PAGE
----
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Clinical Microsystems, Part 1. The Building Blocks of Health Systems

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Background: Wherever, however, and whenever health care is delivered—no matter the setting or population of patients—the body of knowledge on clinical microsystems can guide and support innovation and peak performance. Many health care leaders and staff at all levels of their organizations in many countries have adapted microsystem knowledge to their local settings.

Clinical Microsystems: A Panoramic View: How Do Clinical Microsystems Fit Together? As the patient's journey of care seeking and care delivery takes place over time, he or she will move into and out of an assortment of clinical microsystems, such as a family practitioner's office, an emergency department, and an intensive care unit. This assortment of clinical microsystems—combined with the patient's own actions to improve or maintain health—can be viewed as the patient's unique health system. This patient-centric view of a health system is the foundation of second-generation development for clinical microsystems.

Lessons from the Field: These lessons, which are not comprehensive, can be organized under the familiar commands that are used to start a race: On Your Mark, Get Set, Go! … with a fourth category added—Reflect: Reviewing the Race. These insights are intended as guidance to organizations ready to strategically transform themselves.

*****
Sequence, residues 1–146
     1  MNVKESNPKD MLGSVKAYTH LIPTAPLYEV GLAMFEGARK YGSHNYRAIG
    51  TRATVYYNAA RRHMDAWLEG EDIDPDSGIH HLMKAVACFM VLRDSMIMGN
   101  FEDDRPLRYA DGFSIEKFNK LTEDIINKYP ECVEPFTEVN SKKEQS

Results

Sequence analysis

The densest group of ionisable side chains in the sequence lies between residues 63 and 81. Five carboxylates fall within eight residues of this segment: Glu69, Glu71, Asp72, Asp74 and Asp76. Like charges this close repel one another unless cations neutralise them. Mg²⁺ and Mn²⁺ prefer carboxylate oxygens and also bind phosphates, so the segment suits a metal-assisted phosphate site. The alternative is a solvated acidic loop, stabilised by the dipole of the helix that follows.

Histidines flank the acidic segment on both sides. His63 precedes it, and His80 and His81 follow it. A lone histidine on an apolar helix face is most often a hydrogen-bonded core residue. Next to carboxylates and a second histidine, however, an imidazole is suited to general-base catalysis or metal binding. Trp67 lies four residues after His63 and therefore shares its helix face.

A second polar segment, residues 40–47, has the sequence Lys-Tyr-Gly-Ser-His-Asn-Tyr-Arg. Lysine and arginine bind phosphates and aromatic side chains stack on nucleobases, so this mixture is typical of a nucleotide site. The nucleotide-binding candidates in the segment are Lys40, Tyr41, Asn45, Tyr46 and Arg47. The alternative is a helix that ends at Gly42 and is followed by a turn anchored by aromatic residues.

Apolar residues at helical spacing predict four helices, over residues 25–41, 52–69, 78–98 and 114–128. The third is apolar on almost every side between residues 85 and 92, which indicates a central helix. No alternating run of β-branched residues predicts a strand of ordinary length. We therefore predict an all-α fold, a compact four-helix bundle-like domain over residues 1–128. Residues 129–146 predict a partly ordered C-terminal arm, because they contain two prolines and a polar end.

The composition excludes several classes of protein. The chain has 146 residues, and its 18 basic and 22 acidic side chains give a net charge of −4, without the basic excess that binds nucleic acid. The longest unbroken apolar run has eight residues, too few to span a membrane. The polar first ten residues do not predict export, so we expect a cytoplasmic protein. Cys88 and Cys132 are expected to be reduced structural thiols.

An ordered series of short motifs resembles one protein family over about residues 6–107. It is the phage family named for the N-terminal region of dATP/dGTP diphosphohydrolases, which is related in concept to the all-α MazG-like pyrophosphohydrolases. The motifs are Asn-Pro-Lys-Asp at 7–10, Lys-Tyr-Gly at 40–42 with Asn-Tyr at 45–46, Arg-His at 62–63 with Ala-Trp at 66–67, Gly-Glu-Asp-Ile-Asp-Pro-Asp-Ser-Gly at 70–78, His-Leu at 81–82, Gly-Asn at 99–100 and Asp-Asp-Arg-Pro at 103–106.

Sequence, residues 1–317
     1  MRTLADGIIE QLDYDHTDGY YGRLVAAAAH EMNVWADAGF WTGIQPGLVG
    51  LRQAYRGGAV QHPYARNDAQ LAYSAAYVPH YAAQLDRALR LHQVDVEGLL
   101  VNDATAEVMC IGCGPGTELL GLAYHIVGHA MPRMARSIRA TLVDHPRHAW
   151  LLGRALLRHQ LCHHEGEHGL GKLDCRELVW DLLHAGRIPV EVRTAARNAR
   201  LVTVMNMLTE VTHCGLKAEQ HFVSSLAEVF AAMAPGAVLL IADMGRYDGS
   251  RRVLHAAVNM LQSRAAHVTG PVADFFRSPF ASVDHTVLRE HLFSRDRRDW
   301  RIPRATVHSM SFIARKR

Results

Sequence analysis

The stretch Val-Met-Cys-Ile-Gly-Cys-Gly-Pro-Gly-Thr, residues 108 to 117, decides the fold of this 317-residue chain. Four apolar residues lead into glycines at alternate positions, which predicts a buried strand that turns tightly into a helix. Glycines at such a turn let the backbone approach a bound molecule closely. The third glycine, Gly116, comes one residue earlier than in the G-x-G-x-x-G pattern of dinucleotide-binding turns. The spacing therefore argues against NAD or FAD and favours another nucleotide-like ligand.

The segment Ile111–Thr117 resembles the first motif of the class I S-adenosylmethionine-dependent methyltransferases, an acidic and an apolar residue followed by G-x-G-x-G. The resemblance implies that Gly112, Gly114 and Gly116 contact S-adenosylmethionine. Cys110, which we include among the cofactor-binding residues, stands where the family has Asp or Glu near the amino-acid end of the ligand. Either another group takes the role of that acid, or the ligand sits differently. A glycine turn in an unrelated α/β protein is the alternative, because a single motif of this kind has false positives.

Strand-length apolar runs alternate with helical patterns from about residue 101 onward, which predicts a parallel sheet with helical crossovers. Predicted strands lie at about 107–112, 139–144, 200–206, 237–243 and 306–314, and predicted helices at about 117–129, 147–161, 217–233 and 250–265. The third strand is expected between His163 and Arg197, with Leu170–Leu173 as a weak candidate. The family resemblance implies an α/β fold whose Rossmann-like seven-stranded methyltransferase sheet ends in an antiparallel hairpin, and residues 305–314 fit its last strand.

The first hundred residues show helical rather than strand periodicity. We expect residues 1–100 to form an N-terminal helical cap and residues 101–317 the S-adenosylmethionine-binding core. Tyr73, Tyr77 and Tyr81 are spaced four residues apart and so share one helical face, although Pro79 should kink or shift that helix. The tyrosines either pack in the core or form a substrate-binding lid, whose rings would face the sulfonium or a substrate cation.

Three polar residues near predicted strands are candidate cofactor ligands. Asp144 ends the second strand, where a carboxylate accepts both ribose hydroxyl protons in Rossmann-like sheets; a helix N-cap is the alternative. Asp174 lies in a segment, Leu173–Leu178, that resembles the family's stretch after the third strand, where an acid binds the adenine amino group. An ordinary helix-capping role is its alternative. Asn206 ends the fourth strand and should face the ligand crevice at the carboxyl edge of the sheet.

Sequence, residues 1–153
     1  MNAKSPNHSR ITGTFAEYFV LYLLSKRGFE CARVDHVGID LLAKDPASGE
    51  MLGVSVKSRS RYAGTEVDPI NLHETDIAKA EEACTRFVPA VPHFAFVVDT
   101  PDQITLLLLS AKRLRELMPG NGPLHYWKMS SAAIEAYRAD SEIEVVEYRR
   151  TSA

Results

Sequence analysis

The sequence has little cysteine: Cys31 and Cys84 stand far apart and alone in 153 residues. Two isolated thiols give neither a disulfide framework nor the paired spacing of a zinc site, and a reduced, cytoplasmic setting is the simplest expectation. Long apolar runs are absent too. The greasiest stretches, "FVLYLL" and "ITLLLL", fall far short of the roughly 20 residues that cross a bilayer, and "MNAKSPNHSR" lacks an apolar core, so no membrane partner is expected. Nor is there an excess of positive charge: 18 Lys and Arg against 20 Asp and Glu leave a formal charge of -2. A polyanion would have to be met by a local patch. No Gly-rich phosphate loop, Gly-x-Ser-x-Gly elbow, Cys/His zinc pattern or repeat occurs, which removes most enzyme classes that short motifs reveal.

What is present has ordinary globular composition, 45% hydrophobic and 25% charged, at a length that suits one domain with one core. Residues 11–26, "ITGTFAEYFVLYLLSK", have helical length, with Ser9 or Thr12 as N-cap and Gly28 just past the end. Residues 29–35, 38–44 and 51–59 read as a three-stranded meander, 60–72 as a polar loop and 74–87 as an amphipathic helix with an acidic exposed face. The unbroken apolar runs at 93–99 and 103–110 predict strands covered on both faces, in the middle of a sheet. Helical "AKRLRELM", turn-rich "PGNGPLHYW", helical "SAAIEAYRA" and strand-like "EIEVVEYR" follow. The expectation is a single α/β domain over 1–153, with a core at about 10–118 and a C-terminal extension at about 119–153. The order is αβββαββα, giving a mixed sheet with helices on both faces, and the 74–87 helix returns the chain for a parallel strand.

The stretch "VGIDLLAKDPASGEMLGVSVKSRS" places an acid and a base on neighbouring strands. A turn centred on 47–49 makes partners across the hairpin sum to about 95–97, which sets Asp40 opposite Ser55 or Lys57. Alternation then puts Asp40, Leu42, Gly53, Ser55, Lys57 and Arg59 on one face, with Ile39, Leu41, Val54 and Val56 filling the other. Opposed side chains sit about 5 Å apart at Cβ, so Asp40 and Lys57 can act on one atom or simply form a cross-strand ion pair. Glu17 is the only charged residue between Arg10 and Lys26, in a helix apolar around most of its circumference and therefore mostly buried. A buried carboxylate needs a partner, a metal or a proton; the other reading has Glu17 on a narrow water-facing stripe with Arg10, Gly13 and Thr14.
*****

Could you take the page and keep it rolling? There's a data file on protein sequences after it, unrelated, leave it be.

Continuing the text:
Conclusion: Beginning to master and make use of microsystem principles and methods to attain macrosystem peak performance can help us knit together care in a fragmented health system, eschew archipelago building in favor of nation-building strategies, achieve safe and efficient care with reliable handoffs, and provide the best possible care and attain the best possible health outcomes.

Document Type: Research Article

Publication date: July 1, 2008

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  • Published monthly, The Joint Commission Journal on Quality and Patient Safety is a peer-reviewed publication dedicated to providing health professionals with the information they need to promote the quality and safety of health care. The Joint Commission Journal on Quality and Patient Safety invites original manuscripts on the development, adaptation, and/or implementation of innovative thinking, strategies, and practices in improving quality and safety in health care. Case studies, program or project reports, reports of new methodologies or new applications of methodologies, research studies on the effectiveness of improvement interventions, and commentaries on issues and practices are all considered.

    David W. Baker, MD, MPH, FACP, executive vice president for the Division of Healthcare Quality Evaluation at The Joint Commission, is the inaugural editor-in-chief of The Joint Commission Journal on Quality and Patient Safety.

    Also known as Joint Commission Journal on Quality Improvement and Joint Commission Journal on Quality and Safety
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